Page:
While some rats may have bad rap, the African giant pouched rat (Cricetomys ansorgei) is helping to save lives in Tanzania. These rodents have an acute sense of smell and are trained to sniff out landmines and even detect tuberculosis in patients. From their pouched cheeks to their scaly tails, these large rats can grow up to 3 feet long and are as common in Tanzania as an Eastern gray squirrel is here. But much remains to be learned about the behavior and biology of these amazing African creatures. Dr. Danielle Lee is making history with her behavioral research on the incredible African giant pouched rat.
About Our Speaker
Dr. Danielle N. Lee is an animal behavior scientist completing postdoctoral work in a laboratory at Oklahoma State University that will soon be moving to Cornell University. Dr. Lee’s research blends the animal behavior fields of psychology, ethology, and behavioral ecology, and her studies use field and laboratory experiments to identify individual behavior variations, or behavioral syndromes.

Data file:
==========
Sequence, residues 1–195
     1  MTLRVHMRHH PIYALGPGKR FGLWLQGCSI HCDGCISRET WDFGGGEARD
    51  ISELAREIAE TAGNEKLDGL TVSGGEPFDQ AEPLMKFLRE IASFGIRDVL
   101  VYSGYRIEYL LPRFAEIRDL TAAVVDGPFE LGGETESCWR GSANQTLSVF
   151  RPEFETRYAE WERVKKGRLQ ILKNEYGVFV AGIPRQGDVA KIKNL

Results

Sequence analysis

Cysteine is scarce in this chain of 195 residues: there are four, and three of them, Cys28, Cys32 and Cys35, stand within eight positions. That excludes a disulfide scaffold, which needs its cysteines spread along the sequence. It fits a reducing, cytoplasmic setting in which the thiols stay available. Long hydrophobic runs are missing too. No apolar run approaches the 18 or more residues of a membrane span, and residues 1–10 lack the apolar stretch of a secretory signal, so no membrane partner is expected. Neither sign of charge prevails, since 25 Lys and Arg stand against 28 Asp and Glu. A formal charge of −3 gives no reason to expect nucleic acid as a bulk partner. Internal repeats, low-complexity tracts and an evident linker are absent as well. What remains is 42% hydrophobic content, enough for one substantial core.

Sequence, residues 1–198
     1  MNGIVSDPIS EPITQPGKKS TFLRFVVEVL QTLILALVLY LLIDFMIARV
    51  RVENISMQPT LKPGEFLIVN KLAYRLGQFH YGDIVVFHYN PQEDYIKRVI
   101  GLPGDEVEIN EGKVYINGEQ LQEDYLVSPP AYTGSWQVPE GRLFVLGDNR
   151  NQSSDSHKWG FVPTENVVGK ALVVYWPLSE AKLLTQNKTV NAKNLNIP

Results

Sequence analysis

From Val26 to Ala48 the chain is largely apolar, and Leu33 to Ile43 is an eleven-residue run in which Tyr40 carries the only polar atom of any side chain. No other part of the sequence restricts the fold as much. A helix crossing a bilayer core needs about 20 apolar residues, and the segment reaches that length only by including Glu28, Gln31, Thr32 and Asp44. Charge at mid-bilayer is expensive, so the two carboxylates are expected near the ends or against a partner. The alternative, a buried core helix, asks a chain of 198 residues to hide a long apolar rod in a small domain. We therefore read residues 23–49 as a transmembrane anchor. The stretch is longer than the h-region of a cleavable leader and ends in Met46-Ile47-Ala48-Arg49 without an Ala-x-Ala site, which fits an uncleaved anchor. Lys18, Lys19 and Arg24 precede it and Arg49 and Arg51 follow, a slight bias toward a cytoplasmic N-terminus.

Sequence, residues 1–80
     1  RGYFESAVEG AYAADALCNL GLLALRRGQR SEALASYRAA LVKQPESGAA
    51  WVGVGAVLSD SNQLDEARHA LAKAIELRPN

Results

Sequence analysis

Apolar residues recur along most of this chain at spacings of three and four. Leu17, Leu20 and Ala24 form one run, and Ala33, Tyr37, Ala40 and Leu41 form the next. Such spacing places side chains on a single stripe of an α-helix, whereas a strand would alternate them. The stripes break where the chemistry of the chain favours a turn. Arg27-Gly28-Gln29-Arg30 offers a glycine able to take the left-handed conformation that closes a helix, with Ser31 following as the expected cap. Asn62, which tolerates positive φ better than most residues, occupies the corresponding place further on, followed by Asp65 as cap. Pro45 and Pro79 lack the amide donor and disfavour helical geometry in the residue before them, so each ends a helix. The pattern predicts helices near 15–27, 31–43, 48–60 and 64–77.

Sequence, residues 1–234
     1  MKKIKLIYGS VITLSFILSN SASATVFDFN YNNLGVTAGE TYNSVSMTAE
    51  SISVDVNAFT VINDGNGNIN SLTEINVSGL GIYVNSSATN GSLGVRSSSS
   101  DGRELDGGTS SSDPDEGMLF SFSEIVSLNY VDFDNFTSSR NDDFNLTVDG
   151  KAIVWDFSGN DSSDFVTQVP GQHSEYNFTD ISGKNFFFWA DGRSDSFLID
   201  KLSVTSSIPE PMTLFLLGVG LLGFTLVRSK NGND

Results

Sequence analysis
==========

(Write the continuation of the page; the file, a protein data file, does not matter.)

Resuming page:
Dr. Lee earned a BS in Animal Science from Tennessee Technological University, MS in vertebrate zoology at the University of Memphis, and PhD at the University of Missouri-St. Louis. Dr. Lee is perhaps best known online for her Scientific American blog, The Urban Scientist, described as, “a hip hop maven blogging on urban ecology, evolutionary biology & diversity in the sciences." On Twitter as @DNLee5, Dr. Lee has been named by the City University of New York’s Feminist Press as one of the “Top Women in Science to Follow on Twitter” and the Huffington Post Science list, “30 Biologists and Chemists to Follow on Twitter.”
From examining the biology of vacant urban lots in America to tagging pouched rats near Tanzanian homes, Lee is passionate about communicating science to wide audiences and introducing them to science in their own backyard.